Elder Things - Episode Six

Venturing into the hornet's nest.

Elder Things - Episode Six

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The groundskeeper's office was located just about as far from the main building as possible.

When the Carlin Manor rest home was first designed, the small shed was only meant to contain a single desk and a few tools for maintaining the campus.

As technology developed over the years, the push mower was replaced with a gas-guzzling ride-on. With the nearby communities endlessly developing, naturally, the home itself would eventually expand to accomodate the increasing numbers of aging locals.

With the expansion came a team of workers to keep the grounds presentable. No one wanted their loved ones living in a nursing home. Much less a poorly maintained nursing home. The walls needed to be painted, the hedges needed to be trimmed, and the lawn needed to be mowed.

It took a lot of team work to get the job done. A whole staff under a lead groundskeeper, who oversaw the entire operation.

Which is why Mickey was so surprised when he knocked on the door to the groundskeeper's office, and it swung open, revealing a room that didn't resemble an office as much as it did a jail cell.

A small candle burned beside a cot haphazardly placed in the middle of the room.

Stepping inside, Mickey reflexively heaved, nearly vomiting, as a smell of rot and waste hit his nostrils.

He nearly fled, until he remembered that he had promised himself he could shoulder whatever came next, in order to spare his friends from suffering the same fate.

He thought of all those summers when he fished squirrels and bunnies out of the pool so his wife didn't have to see them.

He forced himself deeper into the room.

"Hello?" Mickey called, squinting in the dark to see a few tools piled next to the door. A hedge trimmer, some coils of rope, a shovel.

The oddity of the room had done more to convince Mickey that the groundskeeper was worth investigating than anything that had happened yet. Was he a literal demon responsible for numerous deaths? Mickey couldn't go that far. But the groundskeeper had been living in a shed, doing god-knows-what in his free time.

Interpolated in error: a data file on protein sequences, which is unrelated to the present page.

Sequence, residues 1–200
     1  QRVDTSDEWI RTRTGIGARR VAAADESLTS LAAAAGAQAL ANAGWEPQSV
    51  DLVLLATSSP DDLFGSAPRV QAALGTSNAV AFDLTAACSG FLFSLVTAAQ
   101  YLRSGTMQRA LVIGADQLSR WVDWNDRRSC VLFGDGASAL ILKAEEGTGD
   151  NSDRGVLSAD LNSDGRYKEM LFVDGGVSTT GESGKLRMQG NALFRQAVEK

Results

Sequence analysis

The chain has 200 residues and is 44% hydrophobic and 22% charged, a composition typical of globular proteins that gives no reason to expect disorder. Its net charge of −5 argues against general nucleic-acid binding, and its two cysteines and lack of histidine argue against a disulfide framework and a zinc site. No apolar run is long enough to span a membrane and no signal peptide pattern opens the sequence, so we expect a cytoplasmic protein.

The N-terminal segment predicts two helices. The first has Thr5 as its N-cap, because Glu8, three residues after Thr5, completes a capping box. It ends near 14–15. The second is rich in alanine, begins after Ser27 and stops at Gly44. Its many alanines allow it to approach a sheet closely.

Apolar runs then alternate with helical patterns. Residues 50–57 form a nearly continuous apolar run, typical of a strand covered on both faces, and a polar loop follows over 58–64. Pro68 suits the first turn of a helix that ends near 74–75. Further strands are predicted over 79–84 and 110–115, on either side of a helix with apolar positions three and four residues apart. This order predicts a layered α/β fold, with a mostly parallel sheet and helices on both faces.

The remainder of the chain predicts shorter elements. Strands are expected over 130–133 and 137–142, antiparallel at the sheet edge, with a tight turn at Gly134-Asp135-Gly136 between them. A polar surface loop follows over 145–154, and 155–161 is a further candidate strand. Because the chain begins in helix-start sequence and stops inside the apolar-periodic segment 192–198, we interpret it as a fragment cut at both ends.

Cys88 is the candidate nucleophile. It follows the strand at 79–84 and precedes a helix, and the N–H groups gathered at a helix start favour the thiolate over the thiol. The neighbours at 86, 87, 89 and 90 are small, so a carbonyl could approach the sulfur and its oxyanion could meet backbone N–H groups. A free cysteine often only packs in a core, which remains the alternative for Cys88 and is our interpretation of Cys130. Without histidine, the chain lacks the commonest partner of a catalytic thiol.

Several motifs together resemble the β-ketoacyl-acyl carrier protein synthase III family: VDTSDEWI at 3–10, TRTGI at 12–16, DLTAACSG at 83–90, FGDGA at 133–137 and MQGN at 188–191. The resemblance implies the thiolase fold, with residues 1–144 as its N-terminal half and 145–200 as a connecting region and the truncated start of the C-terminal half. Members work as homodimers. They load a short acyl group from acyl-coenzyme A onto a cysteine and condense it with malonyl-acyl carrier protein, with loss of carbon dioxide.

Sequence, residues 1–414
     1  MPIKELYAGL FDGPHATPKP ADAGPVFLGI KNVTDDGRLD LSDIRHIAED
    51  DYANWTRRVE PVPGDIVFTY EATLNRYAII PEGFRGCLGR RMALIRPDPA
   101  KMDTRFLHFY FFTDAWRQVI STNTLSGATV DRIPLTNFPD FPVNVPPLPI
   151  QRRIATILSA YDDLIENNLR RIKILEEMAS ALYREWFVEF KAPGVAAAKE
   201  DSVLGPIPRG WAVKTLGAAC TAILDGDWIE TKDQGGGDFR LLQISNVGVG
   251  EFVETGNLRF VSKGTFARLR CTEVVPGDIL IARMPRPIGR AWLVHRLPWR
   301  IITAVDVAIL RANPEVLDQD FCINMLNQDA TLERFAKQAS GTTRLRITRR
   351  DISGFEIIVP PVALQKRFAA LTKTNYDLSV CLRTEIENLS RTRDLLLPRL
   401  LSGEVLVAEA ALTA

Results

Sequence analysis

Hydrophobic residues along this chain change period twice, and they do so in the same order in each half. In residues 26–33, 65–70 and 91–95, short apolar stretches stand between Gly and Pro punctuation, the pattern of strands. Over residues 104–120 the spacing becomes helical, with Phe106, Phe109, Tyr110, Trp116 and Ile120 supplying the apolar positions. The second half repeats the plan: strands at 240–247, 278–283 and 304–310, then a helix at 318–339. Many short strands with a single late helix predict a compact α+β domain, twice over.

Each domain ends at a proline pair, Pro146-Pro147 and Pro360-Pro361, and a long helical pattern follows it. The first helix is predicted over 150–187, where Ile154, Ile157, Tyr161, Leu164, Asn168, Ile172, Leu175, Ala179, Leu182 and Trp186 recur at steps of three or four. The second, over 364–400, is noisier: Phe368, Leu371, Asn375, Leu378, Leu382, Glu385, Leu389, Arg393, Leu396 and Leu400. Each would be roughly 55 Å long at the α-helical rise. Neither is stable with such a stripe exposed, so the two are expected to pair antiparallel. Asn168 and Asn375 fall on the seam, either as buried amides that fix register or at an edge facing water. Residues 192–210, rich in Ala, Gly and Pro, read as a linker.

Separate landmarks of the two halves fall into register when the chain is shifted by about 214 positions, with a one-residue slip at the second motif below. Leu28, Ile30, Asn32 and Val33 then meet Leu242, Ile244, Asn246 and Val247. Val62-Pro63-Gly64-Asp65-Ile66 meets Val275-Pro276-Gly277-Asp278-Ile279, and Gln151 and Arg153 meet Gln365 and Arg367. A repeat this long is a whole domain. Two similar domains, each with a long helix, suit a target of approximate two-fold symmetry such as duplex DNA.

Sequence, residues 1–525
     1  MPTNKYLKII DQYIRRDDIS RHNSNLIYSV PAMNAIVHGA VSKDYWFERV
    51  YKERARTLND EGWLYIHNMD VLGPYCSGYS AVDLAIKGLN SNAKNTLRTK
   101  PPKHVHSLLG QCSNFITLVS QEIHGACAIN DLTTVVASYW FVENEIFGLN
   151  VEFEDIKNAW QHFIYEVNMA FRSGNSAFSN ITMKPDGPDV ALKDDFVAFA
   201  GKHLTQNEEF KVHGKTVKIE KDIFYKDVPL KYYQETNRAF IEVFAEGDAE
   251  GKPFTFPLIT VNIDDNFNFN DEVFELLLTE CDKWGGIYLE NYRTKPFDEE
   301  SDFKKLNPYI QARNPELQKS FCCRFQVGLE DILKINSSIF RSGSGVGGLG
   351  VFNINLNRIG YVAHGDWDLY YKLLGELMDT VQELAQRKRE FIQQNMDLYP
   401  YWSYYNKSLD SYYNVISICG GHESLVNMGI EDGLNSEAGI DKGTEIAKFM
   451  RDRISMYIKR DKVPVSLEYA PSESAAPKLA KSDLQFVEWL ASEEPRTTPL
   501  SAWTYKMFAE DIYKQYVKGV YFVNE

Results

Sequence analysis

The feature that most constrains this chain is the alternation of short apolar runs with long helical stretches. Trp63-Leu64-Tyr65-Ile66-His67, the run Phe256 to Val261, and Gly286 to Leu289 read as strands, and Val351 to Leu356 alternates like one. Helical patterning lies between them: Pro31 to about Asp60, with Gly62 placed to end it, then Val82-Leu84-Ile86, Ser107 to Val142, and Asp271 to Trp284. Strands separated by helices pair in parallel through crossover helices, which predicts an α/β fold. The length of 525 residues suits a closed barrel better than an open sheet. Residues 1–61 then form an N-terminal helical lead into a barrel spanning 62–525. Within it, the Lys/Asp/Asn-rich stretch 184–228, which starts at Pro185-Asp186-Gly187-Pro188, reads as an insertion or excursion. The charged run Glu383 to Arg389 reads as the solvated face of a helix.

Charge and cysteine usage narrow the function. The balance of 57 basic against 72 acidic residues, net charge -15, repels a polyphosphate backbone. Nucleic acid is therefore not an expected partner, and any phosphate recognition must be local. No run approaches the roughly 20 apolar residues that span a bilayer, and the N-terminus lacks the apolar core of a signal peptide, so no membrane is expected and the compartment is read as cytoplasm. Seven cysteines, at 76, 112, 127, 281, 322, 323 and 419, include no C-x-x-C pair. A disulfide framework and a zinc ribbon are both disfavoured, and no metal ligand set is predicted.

Right on cue, Mickey spotted a bucket in the corner, and covered his nose.

He had come here to ask a few questions, and instead, Mickey had stumbled into something stranger than he could have expected.

Forget being afraid of whoever lived in the shed. Maybe the fella needed help.

A sound somewhere behind Mickey made him jump. He felt a pop somewhere in his left knee, and hoped to god he could get out of the building before collapsing. He couldn't bare spending the next few hours trapped in the groundskeeper's stinking outhouse.


The voice seemed to come from inside Mickey's head.


Mickey clenched his single eye as the monotonous, droning voice pelted him with the question.




With a shear force of will, Mickey pushed himself to take a step toward the exit, and his left knee completely gave. He clattered to the floor and dimly felt something break.

Far away from any help, Mickey screamed in pain, and gritted his teeth.

He had come to kick the hornet's nest alone.

He had expected to maybe do a little damage before he got stung.

On the disgusting stained floor of the groundskeeper's office, Mickey felt weaker than he had had ever felt. Even weaker than his first day at the nursing home, which itself had felt like some sort of admission of defeat.

Clutching his knee and his side, grimacing in agony, Mickey felt the voice prying deeper.

It looked deeper than at his bravado and vanity, which superficially brought him here. It riffled through his need to prove himself, and finally, in the messy darkness of Mickey's mind, it found a practical reason why he had come to the groundskeeper's office.

The voice was booming and steady.

It was also surprised.

No one had come in years. The board was satisfied that the grounds were consistently immaculate, why should they? The groundskeeper had always kept to himself, never pestered anyone for a raise, or even a day off.

Each new boss had inherited him one after another, after another. No one realized how long he'd been truly been there.

It had been a time of peace. For him, anyway. He kept the grounds. He kept everyone really. Kept them all right where he needed them.

The inside of his home was off-limits, though.


Mickey wasn't giving up, but the groundskeeper had found his answer.

The old man on the floor was nearly unconscious. He'd provide for a while yet.

Outside in the dark, the groundskeeper finally tore his eyes away from Mickey's writhing body. He had searched the old man long enough to know who needed to be dealt with.

The little one. Howard? Herman? Something like that.

He had served his purpose.

The groundskeeper turned from his cabin, and walked silently toward the lights of the nursing home in the distance.

For the first time in decades, he found himself full of anger.

He couldn't wait to let it loose.

Elder Things - Episode Seven
Everyone has pride. It’s never tested more than when someone sees you at your worst.